Students mourn death of NBA legend Kobe Bryant

In remembrance, Tyler Ward and Gage Wiseman stand together in their Kobe Bryant jerseys.

Delaney Jones

In remembrance, Tyler Ward and Gage Wiseman stand together in their Kobe Bryant jerseys. "I'll never forget where I was at when Kobe died," said Wiseman.

On the morning of January 26, 2020, NBA legend Kobe Bryant, aged 41, was killed in a helicopter crash along with his daughter Gianna Bryant, aged 13, and seven other passengers. In the next 24 hours, friends, fans, former teammates, and the basketball community came together as a whole to mourn the tragic losses. While many people did not know Kobe Bryant personally, the loss still hurts as many have lost a hero and role model.

“I didn’t believe it at first…it didn’t really process at first, but it just hurt because I grew up watching him,” said Tyler Ward, a junior who is a member of the basketball team.

“I was talking to my co-worker and like we just started crying together,” said Gage Wiseman, senior.

The shock and disbelief was experienced by most. Basketball players around the world attribute their love for basketball to Bryant. Laker’s fans will tell you how he made them a fan of the team. People remember the first time they saw him play.

“Kobe was the only reason I started liking the Lakers,” said Drew Hurelbrink, sophomore. “When I was in third grade I watched the Laker’s game on Halloween and Kobe was playing and I was like alright, he’s good, I’ll start liking him so than he was just my favorite player,” said Hurelbrink.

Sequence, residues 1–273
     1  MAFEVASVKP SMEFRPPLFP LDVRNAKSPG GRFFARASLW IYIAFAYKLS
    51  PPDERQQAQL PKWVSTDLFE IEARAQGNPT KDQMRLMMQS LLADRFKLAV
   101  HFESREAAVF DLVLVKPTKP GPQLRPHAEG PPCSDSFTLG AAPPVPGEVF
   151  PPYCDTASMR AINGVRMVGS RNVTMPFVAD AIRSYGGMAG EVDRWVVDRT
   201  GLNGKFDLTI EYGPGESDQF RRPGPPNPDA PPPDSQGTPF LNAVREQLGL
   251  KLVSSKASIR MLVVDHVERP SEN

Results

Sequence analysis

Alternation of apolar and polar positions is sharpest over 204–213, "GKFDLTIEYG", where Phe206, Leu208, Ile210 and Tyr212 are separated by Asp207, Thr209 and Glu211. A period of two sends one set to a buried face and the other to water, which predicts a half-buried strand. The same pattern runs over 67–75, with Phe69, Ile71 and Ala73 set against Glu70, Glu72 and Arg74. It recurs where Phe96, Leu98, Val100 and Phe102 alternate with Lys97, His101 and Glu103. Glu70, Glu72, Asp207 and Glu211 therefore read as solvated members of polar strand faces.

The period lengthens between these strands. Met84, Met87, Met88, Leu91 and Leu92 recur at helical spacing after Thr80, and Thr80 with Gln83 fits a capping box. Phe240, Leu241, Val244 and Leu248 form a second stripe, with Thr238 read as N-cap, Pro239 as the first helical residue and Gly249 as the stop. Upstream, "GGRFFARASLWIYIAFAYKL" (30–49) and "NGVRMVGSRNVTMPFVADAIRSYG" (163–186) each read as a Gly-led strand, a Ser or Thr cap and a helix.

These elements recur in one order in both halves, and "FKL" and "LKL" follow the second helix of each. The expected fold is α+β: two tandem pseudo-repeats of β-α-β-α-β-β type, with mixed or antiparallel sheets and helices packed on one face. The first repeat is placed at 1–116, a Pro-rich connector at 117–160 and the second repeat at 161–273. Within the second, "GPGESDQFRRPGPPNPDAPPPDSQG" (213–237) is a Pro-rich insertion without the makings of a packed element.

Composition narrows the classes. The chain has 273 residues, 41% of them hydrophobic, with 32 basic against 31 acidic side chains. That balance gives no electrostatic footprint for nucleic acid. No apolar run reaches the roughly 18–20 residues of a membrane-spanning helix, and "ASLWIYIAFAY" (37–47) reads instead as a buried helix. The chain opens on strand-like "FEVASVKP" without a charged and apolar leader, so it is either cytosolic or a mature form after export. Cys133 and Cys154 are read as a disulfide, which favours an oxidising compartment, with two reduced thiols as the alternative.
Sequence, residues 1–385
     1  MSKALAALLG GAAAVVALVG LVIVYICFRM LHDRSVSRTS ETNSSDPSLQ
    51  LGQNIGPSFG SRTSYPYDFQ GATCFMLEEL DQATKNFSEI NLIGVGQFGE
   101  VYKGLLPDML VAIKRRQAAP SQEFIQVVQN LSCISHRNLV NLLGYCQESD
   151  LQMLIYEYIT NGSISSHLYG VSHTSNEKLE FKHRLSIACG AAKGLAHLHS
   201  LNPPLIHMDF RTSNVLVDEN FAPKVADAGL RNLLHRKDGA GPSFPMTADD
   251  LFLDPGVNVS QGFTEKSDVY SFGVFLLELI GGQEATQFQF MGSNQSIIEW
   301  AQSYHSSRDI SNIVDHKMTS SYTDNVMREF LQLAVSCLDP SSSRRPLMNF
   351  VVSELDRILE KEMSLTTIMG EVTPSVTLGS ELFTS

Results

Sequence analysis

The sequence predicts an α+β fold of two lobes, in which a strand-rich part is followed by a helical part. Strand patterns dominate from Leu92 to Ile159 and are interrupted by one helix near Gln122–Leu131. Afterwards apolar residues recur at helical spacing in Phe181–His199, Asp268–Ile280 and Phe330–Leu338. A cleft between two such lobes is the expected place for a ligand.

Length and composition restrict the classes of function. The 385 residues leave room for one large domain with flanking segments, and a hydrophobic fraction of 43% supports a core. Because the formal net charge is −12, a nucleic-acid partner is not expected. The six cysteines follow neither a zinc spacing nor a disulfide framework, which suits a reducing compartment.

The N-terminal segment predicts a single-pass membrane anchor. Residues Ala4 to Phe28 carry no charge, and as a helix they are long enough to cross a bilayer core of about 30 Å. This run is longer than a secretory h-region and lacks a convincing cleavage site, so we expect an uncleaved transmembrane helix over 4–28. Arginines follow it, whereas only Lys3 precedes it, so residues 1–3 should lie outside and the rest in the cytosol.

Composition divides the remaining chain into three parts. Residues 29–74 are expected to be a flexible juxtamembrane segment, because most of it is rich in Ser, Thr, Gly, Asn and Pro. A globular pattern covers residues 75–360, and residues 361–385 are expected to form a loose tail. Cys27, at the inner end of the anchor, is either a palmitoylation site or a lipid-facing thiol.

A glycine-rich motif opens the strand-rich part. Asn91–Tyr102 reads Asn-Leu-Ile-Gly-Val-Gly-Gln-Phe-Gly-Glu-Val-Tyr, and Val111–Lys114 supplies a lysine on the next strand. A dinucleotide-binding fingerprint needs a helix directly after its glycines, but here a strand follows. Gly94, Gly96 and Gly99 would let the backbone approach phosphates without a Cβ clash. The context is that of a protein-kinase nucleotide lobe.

“Kobe’s the whole reason I ever even started to dribble a basketball growing up,” said Wiseman.

While players tried to imitate his moves on the court, students learned more than just basketball moves from Bryant. They learned a mindset and a way of living life.

“I can start with the Mamba Mentality, he would put himself in this cage and he was a different monster when he was out on the court,” said Ward.

“Mamba Mentality is like expecting perfection and the best in whatever you are doing, not just for yourself, but everyone around you. It’s a mindset not everyone has and it’s not an easy one to get,” said Wiseman.

Emma Babb, a freshman basketball player, was also shocked and upset by the loss.

“Not only was he a father who really cared for his children, but a person who dedicated everything to basketball,” said Babb.

Wiseman and Ward know they will never forget the day Bryant died. As Wiseman put it, “there will never be another Kobe.”

While this may be true, Bryant has left behind a legacy that will last for many years to come. “I hope kids that aren’t born yet will know what a great player he was,” said Hurelbrink.

One thing is sure for the generation who yelled “Kobe” every time they threw anything. Heroes get remembered, but legends never die.